Jet lag: the main killer of productivity and enjoyment when travelling across time zones. Common folk remedies include pressure points, aromatherapy, and light exposure behind the knee. But is there evidence any of these actually work? Probably not. Fortunately, recent research on circadian rhythms has suggested a reliable method to reduce or even completely prevent jet lag.

Circadian rhythms are the roughly 24-hour biological rhythms that drive changes within humans and most other organisms. For example, humans have circadian rhythms of alertness and body temperature. Usually these rhythms align with the environment’s natural light and dark cycle: peak drowsiness occurs around 5:00 AM, when it is often dark out. Jet lag occurs when our rhythms no longer align with the environment. Flying from Vancouver to Moscow — 12 hours ahead — means that peak drowsiness occurs at 5:00 PM, when one would usually want to be alert. Although scientists have known about circadian rhythms for centuries, evidence has recently accumulated that we can apply this knowledge to minimise the negative effects of shift work and jet lag.

Whether circadian rhythms align with the environment is determined by factors such as exercise, melatonin, and light. Bright light exposure is the most powerful way to cause a phase shift — an advance or delay in circadian rhythms. Light in the early morning makes you wake up earlier (“phase advance”); light around bed time makes you wake up later (“phase delay”).

This simple insight can be used to minimise jet lag. For example, Helen Burgess and colleagues from the Rush University Medical Center in Chicago studied whether jet lag could be prevented by phase shifting before departing. After three days of light exposure in the morning, the participants’ circadian rhythms shifted by an average of 2.1 hours. This means they would feel less jet lagged, and would be fully adjusted to the new time zone around two days earlier. Several field studies have reached similar conclusions.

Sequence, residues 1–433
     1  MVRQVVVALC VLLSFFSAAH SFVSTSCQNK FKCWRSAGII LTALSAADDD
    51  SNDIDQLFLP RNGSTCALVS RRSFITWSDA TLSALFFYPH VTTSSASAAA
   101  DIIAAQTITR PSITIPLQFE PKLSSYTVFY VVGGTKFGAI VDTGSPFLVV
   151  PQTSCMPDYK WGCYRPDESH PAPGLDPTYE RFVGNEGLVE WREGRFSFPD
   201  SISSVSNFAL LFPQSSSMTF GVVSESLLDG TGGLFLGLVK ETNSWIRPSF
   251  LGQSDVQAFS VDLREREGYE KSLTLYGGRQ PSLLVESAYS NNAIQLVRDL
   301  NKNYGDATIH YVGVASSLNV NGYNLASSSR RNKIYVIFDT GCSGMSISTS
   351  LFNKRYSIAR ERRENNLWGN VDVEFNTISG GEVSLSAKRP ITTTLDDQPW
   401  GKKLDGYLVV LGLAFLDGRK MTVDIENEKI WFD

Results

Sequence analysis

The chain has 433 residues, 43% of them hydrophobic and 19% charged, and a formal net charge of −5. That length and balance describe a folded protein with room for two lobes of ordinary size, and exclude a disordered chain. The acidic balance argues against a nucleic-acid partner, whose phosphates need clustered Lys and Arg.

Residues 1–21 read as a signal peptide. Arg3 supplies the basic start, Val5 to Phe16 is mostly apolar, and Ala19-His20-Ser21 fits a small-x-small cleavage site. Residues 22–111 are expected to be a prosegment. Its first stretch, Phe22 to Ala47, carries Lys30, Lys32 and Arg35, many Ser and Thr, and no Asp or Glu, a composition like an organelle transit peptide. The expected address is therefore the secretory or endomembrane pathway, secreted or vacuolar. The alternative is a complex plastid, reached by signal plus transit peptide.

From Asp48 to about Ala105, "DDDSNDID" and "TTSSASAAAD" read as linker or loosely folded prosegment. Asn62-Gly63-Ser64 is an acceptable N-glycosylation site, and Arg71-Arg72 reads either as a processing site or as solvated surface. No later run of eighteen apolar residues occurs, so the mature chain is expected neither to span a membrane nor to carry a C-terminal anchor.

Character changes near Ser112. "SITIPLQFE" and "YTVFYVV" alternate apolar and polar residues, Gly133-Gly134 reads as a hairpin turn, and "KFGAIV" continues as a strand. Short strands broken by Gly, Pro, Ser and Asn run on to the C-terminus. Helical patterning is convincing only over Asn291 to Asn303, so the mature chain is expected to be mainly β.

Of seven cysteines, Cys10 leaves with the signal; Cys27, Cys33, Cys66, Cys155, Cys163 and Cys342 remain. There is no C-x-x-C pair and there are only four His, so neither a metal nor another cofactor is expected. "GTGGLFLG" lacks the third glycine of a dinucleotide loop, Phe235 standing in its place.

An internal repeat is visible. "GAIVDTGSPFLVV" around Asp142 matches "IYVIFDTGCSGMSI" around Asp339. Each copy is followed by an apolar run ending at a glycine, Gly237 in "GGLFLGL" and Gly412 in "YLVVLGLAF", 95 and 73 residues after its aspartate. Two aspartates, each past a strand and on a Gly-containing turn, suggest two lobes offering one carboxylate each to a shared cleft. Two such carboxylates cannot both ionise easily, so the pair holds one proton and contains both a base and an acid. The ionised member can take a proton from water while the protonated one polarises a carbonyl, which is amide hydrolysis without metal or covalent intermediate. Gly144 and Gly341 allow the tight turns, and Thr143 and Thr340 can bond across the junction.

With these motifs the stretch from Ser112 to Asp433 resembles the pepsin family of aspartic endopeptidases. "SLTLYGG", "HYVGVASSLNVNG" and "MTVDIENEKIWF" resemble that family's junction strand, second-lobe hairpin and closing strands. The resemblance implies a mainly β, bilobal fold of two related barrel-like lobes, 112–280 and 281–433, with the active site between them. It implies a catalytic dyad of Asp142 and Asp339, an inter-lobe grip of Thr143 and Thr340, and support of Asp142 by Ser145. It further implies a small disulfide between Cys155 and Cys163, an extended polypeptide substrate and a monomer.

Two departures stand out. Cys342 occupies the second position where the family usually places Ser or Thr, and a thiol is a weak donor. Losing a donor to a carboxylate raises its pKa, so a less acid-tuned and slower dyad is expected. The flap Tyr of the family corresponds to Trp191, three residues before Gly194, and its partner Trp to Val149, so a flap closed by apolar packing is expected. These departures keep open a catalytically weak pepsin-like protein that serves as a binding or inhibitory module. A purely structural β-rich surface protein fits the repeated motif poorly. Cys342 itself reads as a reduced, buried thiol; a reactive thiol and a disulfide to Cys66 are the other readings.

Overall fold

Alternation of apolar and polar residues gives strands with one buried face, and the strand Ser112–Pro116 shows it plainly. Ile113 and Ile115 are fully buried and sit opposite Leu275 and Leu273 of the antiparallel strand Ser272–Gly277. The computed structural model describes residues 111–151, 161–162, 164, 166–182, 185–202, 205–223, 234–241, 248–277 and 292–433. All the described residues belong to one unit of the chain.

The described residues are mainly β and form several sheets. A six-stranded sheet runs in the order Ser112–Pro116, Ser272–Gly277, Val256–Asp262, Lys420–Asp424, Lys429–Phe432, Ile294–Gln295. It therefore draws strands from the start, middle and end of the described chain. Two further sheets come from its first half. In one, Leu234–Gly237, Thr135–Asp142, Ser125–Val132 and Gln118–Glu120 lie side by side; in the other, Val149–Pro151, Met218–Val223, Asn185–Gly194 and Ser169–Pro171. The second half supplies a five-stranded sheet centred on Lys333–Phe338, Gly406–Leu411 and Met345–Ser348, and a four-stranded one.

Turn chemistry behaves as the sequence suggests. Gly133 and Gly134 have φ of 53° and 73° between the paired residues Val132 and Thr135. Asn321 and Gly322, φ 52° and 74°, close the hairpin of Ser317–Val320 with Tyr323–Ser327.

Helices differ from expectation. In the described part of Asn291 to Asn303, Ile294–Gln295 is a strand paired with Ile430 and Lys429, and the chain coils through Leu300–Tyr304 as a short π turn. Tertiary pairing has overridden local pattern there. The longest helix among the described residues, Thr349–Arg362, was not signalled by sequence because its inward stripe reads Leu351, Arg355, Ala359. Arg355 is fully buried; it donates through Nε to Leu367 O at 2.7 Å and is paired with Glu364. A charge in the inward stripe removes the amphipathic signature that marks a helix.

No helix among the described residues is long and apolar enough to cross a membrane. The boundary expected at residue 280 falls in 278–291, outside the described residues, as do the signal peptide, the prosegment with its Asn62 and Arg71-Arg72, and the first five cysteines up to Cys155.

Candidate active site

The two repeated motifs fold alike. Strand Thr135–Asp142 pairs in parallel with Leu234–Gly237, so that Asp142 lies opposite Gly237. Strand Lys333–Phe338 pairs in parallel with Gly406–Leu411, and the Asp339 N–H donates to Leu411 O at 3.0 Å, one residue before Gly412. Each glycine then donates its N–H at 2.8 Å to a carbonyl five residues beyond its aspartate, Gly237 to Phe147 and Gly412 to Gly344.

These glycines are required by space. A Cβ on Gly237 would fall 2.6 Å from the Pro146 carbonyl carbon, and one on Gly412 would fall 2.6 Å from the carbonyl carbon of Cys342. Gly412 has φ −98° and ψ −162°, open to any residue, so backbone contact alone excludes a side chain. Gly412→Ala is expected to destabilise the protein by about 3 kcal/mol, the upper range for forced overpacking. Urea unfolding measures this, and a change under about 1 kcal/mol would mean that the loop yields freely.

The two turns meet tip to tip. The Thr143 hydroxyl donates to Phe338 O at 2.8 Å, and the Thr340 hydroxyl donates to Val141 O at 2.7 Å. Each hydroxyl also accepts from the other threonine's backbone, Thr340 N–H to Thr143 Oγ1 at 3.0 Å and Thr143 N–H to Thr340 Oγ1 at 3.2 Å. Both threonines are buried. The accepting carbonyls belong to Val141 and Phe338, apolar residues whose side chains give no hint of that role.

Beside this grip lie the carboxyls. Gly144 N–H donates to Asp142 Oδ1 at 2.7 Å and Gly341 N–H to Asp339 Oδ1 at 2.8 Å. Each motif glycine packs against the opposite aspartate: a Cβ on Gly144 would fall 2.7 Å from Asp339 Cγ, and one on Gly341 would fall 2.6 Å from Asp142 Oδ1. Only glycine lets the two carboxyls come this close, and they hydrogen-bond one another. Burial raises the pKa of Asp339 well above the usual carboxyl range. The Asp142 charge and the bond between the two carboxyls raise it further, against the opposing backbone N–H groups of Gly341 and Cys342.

Thus, seeking and avoiding light at the right times can reduce jet lag. To seek light, expose yourself to bright and continuous light by going out in sunlight or using a commercially-available portable light box. To avoid light, stay indoors away from sunlight, or wear dark sunglasses.

Calculating when to seek and avoid light depends on the number of time zones crossed, direction of travel, and usual wake and sleep times. These calculations can be done automatically online, or manually by following some rough guidelines:

1. Estimate when your body temperature reaches a minimum. If sleeping 7 or fewer hours per night, assume this is 2 hours before your usual wake time. If sleeping more, assume this is 3 hours before your usual wake time.

2. Determine whether you need to advance or delay your circadian rhythms. If you are flying east (to a later time zone), such as from Los Angeles to New York, you will need to phase advance. Otherwise, if you are flying west, you will need to phase delay.

3. If you need to phase advance, avoid light for 4 hours before your body temperature minimum, and seek light for 4 hours after it. Otherwise, do the opposite.

4. Shift your estimated body temperature minimum by one hour earlier per day if phase advancing, or one and a half hours later per day if phase delaying.

Of course, most people try to adjust to the new time zone without controlling their exposure to light and dark. These people often end up jet lagged for longer than necessary. They can also experience antidromic re-entrainment, when the circadian rhythms shift in the opposite direction. For example, incidental light exposure can cause people to phase delay rather than phase advance, making jet lag worse. Besides gastrointestinal disturbances and reduced alertness, frequent jet lag is associated with cancer and digestive diseases in humans, and increases mortality in mice.

Given this knowledge of circadian rhythms, one can — as one article title claimed — “trick Mother Nature” into letting you fly around the world without jet lag. And you won’t even need a flashlight behind your knee.

Are you a scientist who specializes in neuroscience, cognitive science, or psychology? And have you read a recent peer-reviewed paper that you would like to write about? Please send suggestions to Mind Matters editor Gareth Cook, a Pulitzer prize-winning journalist at the Boston Globe. He can be reached at garethideas AT or Twitter @garethideas.